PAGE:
Art suffuses our lives. Whether it's bluegrass, heavy metal, Frank Sinatra or Mozart, music moves us all. On a trip to a foreign city, visiting an art museum is a mandatory exercise. Imaginative writing affects many of us, though—alas—with decreasing frequency.
Why should art be important? Being seen as an "art lover" may increase our status, but otherwise art is not useful. Yet art has been part of the human experience since Paleolithic man painted on the walls of caves in Lascaux, France, and Altamira, Spain, more than 30,000 years ago. Art preceded cities, agriculture and writing.
Denis Dutton, an art professor in New Zealand, has proposed a bold new explanation. He argues that humankind's universal interest in art is the result of human evolution. We enjoy sex, grasp facial expressions, understand logic and spontaneously acquire language—all of which make it easier for us to survive and produce children. In "The Art Instinct: Beauty, Pleasure, and Human Evolution," Dutton contends that an interest in art belongs on this list of evolutionary adaptations.
In making his case, Dutton has to refute the late Stephen Jay Gould's argument that human culture is a socially formed byproduct of our large brains. Dutton easily overcomes this argument by pointing out how many "byproducts"—such as a spoken language—have given humans a huge evolutionary gain. But he must still explain why an interest in art gives us an edge. This is no easy task. Just because many people have a trait does not mean that it confers an evolutionary advantage. I like the Boston Red Sox, but I doubt that preference was genetically passed on to my children. (Happily, they became Sox fans anyway.)
Drawing on Charles Darwin's second great book, "The Descent of Man, and Selection in Relation to Sex," Dutton argues that art, like broad shoulders in a man and a narrow waist in a woman, facilitates seduction. We tell stories, sing songs, invent tales, recount jokes and draw pictures in order to find a mate and, having found one, produce children. We value art because, Dutton claims, it may be made of rare and valuable materials and require much skill to produce. People value wealth and skill in choosing a mate. We can add to Dutton's argument the fact that when 3-month-old infants are shown pictures of women who had been rated by adults as either attractive or unattractive, the babies looked much longer at the attractive ones.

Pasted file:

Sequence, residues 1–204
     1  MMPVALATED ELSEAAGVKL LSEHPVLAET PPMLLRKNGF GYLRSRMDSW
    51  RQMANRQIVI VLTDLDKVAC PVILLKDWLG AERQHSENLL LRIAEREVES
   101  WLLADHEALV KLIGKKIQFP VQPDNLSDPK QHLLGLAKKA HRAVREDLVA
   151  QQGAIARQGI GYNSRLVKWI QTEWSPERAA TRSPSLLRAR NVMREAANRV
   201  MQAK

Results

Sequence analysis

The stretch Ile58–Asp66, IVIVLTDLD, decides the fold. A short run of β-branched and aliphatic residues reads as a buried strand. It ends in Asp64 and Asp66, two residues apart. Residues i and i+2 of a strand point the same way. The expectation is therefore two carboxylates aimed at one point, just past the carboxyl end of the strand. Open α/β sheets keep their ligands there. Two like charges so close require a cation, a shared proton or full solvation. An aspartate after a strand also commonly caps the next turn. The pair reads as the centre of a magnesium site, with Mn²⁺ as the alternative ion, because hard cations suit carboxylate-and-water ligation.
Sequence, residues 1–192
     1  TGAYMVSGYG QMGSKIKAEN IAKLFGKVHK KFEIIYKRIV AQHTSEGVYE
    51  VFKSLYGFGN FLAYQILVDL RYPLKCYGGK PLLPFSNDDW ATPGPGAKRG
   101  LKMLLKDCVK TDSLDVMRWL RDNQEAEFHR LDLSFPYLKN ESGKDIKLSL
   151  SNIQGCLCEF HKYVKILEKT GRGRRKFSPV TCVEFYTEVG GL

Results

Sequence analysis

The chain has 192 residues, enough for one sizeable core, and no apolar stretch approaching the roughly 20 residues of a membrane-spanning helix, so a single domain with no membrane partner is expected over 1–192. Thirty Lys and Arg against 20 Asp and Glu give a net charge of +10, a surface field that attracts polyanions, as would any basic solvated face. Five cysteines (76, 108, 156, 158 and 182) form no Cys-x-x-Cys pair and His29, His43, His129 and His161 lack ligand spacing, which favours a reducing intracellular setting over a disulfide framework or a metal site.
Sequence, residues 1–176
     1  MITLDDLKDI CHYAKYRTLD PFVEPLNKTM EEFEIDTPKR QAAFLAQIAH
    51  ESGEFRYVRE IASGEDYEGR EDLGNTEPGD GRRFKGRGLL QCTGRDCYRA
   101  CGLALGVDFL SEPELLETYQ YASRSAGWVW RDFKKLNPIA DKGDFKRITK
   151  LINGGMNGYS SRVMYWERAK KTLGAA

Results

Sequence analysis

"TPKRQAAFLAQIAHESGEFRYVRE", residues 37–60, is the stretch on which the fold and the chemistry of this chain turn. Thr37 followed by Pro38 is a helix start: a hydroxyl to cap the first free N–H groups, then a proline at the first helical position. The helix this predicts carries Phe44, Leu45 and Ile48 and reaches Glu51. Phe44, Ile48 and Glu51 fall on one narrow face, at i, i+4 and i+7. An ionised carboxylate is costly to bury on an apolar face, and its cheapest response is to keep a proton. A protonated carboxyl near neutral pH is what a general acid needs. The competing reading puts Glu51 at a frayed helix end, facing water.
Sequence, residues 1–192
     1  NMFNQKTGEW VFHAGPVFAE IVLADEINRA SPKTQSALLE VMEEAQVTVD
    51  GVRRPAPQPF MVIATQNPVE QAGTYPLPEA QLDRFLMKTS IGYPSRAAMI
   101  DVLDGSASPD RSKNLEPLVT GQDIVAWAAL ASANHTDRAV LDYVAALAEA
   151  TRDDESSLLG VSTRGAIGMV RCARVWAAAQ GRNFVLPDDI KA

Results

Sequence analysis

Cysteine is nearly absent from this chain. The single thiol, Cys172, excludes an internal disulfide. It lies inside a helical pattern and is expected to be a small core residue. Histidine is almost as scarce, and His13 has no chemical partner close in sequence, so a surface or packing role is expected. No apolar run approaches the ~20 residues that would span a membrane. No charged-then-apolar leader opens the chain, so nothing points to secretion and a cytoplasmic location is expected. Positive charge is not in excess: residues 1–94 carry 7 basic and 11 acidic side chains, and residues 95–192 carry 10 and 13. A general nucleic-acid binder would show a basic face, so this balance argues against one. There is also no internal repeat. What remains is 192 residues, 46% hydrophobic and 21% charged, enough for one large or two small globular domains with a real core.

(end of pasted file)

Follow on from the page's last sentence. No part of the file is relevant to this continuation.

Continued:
This is a stimulating but not entirely satisfactory argument. Some forms of art may have evolutionary explanations that do not involve sexual selection, and some forms of beauty may not be linked to art at all. Take music: we can imagine men and women singing to one another for sexual reasons, but we can also imagine music being used to induce sleep, energize an army, or identify friends and enemies.
Or painting: zoologist Desmond Morris and others have encouraged chimpanzees to paint. Some of their works were hung in museums, without being labeled as the work of chimps, and they received much acclaim. Did these animals paint to lure sexual partners? It seems unlikely. Likewise, the cave paintings done 30 millennia ago probably had no connection with romance (many were done in remote parts of caves in which no one lived) and may have been produced by shamans for religious purposes.
And we may value beauty even when no human has produced it. Anthropologists have shown that people in many cultures value views of the seashore, a sunset or a mountain peak much more than they like flat ground or hot sun. We have been born with a love for certain kinds of beauty that in turn influences how we react to music, painting and literature.
Dutton recognizes these limitations to his explanation of why art has persisted. His love of music, he notes, cannot be confined to its role in sexual communication; as a child he was entranced (as was I) with Beethoven's Seventh Symphony, long before he had the faintest interest in girls. Moreover, art, especially music and poetry, helps us see into the human personality. When I dated the girl who later became my wife, we went off to dance to Tommy Dorsey. That certainly involved sexual selection. But that cannot explain why every year we attend a Mozart opera. As with everyone else, we value beauty even though we define it differently from people who enjoy the Sex Pistols.
Evolution has, without any doubt, left people with an appreciation for both natural and man-made beauty, but sexual selection explains, I think, only a small part of the reason. But read Dutton's book: his masterful knowledge of art and his compelling prose make it a thing of beauty.